Click here to view the Super Boost Wi-Fi on Amazon.

They also try to use classic “sales pitch” tactics, pitching the story of an everyday guy who stumbled across a scam, but was lucky enough to get a engineer round who would break the secrets of the scam to him and recommend a product to solve it. The whole conspiracy narrative is silly, and makes the content harder to trust. The sales page it leads you to looks like “one of those” pages.

Let’s look at some more expensive but also more advanced and reliable products for solving weak Wi-Fi around the home.

Other Home Networking Products To Solve Weak Wi-Fi

Powerline Adapters and Wi-Fi Mesh Systems are two more advanced types of home networking product which can solve the problem of weak Wi-Fi and lower internet speeds around the home. We will give a brief summary of each, so you can have a wider context of where range extenders such as the Super Wi-Fi Boost stand in the complete range of networking products that are available.

1. Powerline Adapters – powerline adapters consist of a pair of adapter plugs (not just one plug like an extender), one of which is plugged in and connected to your router, ther other of which is plugged in and connected to your device.

The two plugs then communicate through the electrical wiring of the house to deliver a strong, wired internet connection to the receiving end. They are an excellent home networking solution and can be considered a step up from the basic single plug extender models like the Super Wi-Fi Boost.

Standard wired powerline adapter models deliver a wired connection only using the house’s existing electrical wiring. As long as the wiring is in good enough shape, they will work very effectively as well and bypass the need for using Wi-Fi.

However, wireless powerline adapters are also available, which do the same job, except they also provide a cloned, wireless access point at the receiving end, as well as having one or more ethernet ports to connect wired devices. In this way they work in much the same was as the Super Wifi Boost, but deliver more connectivity options.

See the embedded video for a good summary on how powerline technology works.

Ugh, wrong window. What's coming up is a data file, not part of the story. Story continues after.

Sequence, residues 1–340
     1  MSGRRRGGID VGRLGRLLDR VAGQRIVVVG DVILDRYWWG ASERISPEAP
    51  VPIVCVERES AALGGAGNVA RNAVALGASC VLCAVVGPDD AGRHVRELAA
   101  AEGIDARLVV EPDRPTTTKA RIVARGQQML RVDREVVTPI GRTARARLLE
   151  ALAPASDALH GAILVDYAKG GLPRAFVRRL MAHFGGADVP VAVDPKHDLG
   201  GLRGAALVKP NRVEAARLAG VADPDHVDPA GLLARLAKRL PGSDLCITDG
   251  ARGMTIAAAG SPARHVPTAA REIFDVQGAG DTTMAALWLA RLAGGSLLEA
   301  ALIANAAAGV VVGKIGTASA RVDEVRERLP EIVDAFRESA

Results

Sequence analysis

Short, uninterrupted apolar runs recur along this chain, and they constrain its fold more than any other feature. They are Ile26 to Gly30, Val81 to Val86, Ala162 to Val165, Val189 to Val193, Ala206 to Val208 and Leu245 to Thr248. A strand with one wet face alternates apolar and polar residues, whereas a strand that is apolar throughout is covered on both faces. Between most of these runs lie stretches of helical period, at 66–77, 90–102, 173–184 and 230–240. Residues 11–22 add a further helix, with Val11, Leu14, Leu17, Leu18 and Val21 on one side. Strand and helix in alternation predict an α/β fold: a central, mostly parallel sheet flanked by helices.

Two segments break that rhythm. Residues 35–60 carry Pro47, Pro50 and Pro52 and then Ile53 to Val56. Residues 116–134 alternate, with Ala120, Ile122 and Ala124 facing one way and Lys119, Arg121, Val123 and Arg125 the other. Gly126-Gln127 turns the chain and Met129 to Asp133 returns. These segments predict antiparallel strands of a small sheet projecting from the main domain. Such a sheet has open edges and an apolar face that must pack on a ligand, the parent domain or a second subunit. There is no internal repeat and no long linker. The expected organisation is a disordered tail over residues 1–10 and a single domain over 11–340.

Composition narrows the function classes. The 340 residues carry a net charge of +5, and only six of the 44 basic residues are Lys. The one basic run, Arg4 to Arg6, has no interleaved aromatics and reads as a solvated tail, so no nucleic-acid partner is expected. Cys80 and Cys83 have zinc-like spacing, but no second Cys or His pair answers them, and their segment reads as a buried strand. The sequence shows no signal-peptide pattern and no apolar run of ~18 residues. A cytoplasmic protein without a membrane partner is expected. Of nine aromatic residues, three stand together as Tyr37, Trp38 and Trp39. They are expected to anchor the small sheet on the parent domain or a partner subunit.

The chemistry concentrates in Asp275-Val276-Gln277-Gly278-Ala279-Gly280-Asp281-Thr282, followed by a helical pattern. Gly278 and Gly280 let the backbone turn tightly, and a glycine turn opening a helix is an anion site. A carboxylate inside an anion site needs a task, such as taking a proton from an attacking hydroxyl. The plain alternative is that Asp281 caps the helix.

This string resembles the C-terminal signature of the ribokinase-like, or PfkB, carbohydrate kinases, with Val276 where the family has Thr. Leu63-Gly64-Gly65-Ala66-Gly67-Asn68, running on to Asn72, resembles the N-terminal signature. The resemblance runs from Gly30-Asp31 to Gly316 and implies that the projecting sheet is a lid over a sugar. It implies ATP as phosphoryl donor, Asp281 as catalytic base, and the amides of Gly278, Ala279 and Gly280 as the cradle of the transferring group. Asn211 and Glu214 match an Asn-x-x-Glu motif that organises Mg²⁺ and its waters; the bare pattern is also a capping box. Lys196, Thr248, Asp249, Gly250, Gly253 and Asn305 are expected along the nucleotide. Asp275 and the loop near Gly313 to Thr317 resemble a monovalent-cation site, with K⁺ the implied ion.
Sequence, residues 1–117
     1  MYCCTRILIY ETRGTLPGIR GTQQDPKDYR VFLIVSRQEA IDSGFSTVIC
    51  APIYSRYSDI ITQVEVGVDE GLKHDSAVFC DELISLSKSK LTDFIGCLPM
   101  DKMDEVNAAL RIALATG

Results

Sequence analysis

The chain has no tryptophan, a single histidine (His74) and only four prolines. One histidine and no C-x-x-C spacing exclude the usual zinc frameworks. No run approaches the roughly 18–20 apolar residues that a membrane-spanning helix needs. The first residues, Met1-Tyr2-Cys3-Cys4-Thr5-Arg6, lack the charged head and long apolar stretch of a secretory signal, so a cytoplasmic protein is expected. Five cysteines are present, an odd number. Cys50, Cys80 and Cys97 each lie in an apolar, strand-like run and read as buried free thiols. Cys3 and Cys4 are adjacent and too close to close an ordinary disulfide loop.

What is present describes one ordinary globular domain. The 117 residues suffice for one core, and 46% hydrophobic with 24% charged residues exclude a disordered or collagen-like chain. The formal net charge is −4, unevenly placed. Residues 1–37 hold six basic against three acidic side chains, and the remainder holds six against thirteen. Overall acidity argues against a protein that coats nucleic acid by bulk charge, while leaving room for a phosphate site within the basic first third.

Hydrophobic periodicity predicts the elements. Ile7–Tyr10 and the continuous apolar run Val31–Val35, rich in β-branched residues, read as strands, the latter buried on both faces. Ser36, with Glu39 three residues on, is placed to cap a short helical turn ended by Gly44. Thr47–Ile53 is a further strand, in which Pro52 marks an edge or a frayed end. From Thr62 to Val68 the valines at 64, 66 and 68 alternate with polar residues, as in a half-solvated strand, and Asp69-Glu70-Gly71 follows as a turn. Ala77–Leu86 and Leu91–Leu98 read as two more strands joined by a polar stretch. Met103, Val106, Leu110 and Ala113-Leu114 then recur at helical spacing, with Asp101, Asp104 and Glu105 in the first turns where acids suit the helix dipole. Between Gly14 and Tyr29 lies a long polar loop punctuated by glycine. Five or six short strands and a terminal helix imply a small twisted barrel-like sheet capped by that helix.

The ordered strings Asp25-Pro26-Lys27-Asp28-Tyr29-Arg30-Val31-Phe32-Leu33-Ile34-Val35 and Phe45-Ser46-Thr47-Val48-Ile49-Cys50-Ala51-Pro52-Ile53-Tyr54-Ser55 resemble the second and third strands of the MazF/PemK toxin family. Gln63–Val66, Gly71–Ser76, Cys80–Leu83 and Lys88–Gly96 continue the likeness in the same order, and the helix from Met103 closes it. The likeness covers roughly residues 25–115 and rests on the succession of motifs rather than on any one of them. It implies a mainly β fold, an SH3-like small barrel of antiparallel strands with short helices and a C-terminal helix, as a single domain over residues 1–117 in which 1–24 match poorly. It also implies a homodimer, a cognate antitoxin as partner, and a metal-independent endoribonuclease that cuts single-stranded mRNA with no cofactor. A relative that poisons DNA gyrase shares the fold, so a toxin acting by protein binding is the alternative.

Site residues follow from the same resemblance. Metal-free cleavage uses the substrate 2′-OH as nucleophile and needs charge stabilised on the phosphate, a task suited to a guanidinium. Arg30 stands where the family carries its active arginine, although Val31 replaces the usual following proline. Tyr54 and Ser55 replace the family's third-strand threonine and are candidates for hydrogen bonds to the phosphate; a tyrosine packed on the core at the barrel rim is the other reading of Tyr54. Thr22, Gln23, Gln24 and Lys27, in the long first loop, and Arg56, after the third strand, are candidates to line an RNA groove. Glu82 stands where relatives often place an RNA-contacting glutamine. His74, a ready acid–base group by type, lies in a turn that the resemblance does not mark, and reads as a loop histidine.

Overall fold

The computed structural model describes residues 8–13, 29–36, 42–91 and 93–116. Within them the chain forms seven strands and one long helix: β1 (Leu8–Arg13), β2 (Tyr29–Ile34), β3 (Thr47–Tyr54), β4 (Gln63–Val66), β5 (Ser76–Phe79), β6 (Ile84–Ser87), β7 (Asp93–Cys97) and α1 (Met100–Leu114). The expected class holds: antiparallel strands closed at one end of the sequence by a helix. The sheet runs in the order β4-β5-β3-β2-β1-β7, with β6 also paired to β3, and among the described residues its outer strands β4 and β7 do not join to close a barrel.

Pros – Can deliver a strong, reliable, wired connection for maximum bandwidth for gaming, streaming and download. Superior connection to all forms of Wi-Fi when they work. Simple plug and play devices. Entry level models very cheap. Wireless models also available to connect up portable devices.

Cons – Will work in many houses but not in all houses, when circuitry is complex, old, worn or runs off separate meters. See our article on this. Can be less effective over really large properties – see mesh systems below for an alternative.

2. Wi-Fi Mesh SystemsWi-Fi Mesh Systems are a step up further still in home networking, and can be seen as a more advanced version of basic extenders like the Super Wi-Fi Boost. They basically use the same principle but are more sophisticated and effective products which can spread Wi-Fi more effectively over larger areas. They are far more expensive as a result.

Mesh systems consist of a kit of two or more nodes or pods which are placed at certain parts around the home to “catch” and amplify the existing Wi-Fi signal, extending it to more remote parts of the home for better overall coverage and speeds for all users, even far away from the main router.

This is basically exactly the same idea as the Super Wi-Fi Boost and other range extenders. However, the technology is far more advanced and refined in mesh systems. They have their own special airwave band or dedicated data backbone to transfer data between the nodes, and when properly installed will tend to work far more effectively and over a larger area than single plug extender models.

See the video for a demonstration of how mesh systems work.

 

See our Mesh System page for links to some of the more popular systems.

Pros – Mesh systems can be very good for spreading reliable Wi-Fi over very large homes and offices, where powerline adapters or simple boosters may be less effective. Allow you to stay completely on Wi-Fi if this is what you prefer.

Cons – Very expensive products, often costing several hundred dollars or pounds for good models. Can still be somewhat unreliable, though the technology has improved with continual firmware updates from manufacturers. Still a relatively new product; reliability is fairly good now and continues to improve.

See our full article comparing mesh systems to powerline adapters for more in depth comparisons of the two products.

See also:

Oliver

Online gamer and general home networking enthusiast. I like to create articles to help people solve common home networking problems.